Nokia Ovi Store
Nokia's mobile application store is a solid if unspectacular introduction to the app world
- Simple but effective interface layout, apps can be charged to your phone bill on selected networks, works across a variety of Nokia devices, has potential
- Slow to open, clunky method for purchasing paid apps, thin library of apps so far, different experience on various devices
The launch of Nokia's Ovi Store means a dedicated app store is finally available to users of the company's mobile phones. It's clunky and slow at times, the library of apps is small and the method of paying for apps needs some work, but this is just the beginning and it should gradually improve.
Translating to "doorway" in Finish, Nokia's Ovi Store is set to compete directly with Apple's App Store, Google's Android Market and BlackBerry's App World (which hasn't been launched in Australia yet).
Nokia's Ovi Store is just the second mobile phone app store Australians can access to feature non-free apps. Although a refreshing interface certainly helps when finding apps, there are plenty of teething issues that need ironing out before this can be seen as a serious contender in the ever-growing app market.
We tested the Ovi Store on a Nokia 5800 XpressMusic running the Symbian S60T software. According to Nokia, the Ovi Store application works on more than 50 Nokia handsets running the S60T and S60 operating systems, as well as a range of S40 handsets. The store itself is a free application download from Nokia, available on compatible handsets by entering the download folder in the main menu and clicking "refresh content". The Ovi store will be preinstalled on the upcoming Nokia N97 smartphone, but can also be accessed using a phone's Web browser.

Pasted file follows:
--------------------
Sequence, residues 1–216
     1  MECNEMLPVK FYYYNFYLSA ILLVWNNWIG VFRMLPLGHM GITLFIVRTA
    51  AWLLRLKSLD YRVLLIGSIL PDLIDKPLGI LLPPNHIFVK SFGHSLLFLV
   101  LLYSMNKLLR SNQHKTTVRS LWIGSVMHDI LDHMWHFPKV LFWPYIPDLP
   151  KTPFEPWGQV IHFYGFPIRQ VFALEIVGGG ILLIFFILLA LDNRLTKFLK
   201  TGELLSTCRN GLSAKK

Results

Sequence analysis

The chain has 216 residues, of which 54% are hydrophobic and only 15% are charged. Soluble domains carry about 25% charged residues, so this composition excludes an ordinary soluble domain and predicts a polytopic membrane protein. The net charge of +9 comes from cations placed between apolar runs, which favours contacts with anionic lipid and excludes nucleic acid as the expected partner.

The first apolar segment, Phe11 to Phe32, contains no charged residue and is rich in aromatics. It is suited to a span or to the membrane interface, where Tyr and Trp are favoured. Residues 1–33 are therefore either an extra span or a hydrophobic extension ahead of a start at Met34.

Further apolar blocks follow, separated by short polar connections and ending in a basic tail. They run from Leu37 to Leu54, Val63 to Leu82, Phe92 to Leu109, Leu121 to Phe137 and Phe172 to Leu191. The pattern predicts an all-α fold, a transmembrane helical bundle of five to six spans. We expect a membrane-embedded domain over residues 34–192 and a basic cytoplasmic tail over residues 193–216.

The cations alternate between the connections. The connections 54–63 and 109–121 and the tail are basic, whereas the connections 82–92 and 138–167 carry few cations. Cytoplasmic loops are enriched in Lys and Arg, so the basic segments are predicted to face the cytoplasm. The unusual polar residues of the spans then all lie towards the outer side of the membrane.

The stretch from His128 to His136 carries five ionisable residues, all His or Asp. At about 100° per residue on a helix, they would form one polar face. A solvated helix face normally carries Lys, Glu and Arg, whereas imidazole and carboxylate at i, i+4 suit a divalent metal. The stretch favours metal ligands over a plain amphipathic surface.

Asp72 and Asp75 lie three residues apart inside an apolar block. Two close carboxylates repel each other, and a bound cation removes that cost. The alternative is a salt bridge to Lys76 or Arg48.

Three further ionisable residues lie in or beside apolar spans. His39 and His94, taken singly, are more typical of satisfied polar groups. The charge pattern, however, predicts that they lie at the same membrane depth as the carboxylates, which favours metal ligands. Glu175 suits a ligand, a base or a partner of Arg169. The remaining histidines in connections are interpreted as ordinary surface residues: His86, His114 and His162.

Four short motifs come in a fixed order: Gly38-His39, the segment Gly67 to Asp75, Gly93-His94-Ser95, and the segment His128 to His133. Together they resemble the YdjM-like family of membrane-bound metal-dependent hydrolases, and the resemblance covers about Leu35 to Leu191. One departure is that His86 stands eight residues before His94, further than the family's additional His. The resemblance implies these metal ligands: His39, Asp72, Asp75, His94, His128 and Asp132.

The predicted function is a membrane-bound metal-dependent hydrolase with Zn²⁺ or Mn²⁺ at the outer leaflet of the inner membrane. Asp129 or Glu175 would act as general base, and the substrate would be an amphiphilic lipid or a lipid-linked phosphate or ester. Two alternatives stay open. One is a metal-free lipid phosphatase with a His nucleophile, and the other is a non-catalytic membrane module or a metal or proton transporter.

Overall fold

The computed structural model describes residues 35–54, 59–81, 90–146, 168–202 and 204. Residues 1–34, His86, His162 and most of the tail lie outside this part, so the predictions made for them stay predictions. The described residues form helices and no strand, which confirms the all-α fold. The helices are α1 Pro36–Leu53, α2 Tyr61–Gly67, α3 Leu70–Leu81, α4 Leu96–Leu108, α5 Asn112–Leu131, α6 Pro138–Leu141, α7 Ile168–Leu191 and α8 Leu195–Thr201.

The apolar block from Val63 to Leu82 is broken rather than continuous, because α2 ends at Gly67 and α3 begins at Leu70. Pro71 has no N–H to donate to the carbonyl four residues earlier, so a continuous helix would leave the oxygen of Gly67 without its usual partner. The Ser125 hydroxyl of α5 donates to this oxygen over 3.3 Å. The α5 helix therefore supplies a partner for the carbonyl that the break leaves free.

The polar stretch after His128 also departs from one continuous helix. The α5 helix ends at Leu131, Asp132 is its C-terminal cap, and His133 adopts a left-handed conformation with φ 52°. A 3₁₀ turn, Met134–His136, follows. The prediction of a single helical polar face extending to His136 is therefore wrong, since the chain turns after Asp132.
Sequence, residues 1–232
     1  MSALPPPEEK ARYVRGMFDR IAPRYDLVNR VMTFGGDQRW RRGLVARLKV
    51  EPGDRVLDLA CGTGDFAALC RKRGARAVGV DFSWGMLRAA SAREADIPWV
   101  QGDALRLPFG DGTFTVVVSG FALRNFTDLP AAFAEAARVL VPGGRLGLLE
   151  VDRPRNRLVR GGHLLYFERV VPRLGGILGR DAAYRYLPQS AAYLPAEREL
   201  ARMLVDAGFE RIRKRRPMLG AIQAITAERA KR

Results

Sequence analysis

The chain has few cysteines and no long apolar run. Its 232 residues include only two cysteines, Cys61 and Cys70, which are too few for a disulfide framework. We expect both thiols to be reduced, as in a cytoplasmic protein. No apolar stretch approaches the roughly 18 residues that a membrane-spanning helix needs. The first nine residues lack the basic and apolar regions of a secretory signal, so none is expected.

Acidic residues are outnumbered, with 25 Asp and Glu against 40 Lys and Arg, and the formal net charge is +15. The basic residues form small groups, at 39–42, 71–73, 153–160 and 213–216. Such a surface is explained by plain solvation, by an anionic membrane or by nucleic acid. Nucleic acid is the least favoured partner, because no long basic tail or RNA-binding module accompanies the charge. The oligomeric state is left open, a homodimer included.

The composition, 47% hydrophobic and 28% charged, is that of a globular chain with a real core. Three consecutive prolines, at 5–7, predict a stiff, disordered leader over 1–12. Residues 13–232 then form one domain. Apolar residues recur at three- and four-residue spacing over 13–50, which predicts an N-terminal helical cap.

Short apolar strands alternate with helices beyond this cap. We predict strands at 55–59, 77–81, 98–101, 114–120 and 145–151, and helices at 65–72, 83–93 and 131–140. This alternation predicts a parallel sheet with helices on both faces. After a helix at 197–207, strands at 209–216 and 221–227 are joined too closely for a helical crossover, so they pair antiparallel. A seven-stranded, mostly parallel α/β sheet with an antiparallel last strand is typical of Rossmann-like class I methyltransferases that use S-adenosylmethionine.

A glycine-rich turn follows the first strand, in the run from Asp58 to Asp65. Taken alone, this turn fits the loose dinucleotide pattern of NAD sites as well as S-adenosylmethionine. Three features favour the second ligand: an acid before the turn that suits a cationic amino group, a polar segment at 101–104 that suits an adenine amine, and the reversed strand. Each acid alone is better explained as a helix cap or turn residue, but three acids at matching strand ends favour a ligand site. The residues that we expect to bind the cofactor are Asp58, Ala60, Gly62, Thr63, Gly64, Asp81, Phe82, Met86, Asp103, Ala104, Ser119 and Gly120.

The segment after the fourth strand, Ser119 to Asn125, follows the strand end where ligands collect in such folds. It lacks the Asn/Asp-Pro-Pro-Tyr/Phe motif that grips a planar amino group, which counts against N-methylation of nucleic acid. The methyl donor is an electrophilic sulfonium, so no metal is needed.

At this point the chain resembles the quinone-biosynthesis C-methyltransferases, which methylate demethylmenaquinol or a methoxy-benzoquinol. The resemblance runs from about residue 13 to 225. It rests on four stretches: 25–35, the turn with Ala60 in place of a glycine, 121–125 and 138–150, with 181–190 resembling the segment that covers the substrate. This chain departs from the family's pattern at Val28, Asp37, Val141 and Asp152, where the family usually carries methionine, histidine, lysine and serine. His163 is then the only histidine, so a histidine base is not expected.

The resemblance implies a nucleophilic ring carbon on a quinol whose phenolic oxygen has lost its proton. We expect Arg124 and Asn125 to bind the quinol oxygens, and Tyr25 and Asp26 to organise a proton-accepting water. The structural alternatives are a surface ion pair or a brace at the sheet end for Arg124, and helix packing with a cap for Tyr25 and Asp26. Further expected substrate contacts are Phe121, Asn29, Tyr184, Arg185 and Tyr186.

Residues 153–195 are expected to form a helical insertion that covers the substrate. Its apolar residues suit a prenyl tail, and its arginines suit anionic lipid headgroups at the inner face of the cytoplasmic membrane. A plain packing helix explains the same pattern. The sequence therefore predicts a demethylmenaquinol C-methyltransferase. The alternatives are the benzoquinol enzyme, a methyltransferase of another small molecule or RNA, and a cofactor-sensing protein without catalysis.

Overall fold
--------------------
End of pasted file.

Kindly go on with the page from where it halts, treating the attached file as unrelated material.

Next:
To use the store, users must first create a free Ovi profile. When purchasing a non-free app you can pay via your phone bill or credit card. Unfortunately, the former option is only available for Telstra, Vodafone, Optus and Crazy John's customers; users on 3 and Virgin Mobile will have no choice but to use a credit card.
Opening the Ovi Store takes a good 20 seconds. Users are presented with a flash screen displaying the Ovi logo, before a pop-up connecting message is shown. You then need to select a connection, before the store finally loads. Once loaded, browsing the store over a Wi-Fi connection isn't too slow, but it's no match for the fast and snappy App Store on the iPhone 3G, which even works well when using an over-the-air 3G connection.
Part of the issue with the Ovi Store is the wide range of devices Nokia has to support — the experience on our 5800 XpressMusic will be different to someone accessing the store using a N96, for example. It is certainly a challenge for Nokia to provide a streamlined experience across all devices.
The Ovi Store has a thin library of applications available compared to the App Store, though it is a little unfair to compare the two; Ovi has just launched whereas the App Store was launched in July 2008. Ovi does have one advantage over the App Store: apps include audio and video content, e-mail and SMS applications, ring tones and wallpapers, none of which are available from the App Store.
Unfortunately, the process of purchasing apps isn’t as quick and easy as it is with the App Store. It’s a process that involves pressing buy, re-entering your Ovi account password, choosing the payment method, and then finally purchasing. You will then receive a confirmation SMS with a transaction ID. One of Nokia's biggest issues with Ovi is the fact that there is no integrated desktop software like iTunes.
Thankfully the interface and layout of the Ovi Store are good. Apps are sorted into categories, such as recommended, games, audio and video and personalisation. The transitions between categories are smooth and quick, and the "My Stuff" menu provides your download history at a quick glance.
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